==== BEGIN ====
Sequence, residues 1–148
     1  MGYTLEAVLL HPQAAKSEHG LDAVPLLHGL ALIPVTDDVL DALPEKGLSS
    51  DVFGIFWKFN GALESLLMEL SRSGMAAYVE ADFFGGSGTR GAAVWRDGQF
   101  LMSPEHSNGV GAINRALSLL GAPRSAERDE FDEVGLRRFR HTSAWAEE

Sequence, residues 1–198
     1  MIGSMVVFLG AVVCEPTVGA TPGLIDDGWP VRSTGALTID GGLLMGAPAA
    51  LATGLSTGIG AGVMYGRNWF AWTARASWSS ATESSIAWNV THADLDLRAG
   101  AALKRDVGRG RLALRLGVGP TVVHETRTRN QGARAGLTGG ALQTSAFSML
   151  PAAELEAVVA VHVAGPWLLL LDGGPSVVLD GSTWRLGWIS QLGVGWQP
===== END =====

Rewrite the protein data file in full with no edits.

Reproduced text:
Sequence, residues 1–148
     1  MGYTLEAVLL HPQAAKSEHG LDAVPLLHGL ALIPVTDDVL DALPEKGLSS
    51  DVFGIFWKFN GALESLLMEL SRSGMAAYVE ADFFGGSGTR GAAVWRDGQF
   101  LMSPEHSNGV GAINRALSLL GAPRSAERDE FDEVGLRRFR HTSAWAEE

Sequence, residues 1–198
     1  MIGSMVVFLG AVVCEPTVGA TPGLIDDGWP VRSTGALTID GGLLMGAPAA
    51  LATGLSTGIG AGVMYGRNWF AWTARASWSS ATESSIAWNV THADLDLRAG
   101  AALKRDVGRG RLALRLGVGP TVVHETRTRN QGARAGLTGG ALQTSAFSML
   151  PAAELEAVVA VHVAGPWLLL LDGGPSVVLD GSTWRLGWIS QLGVGWQP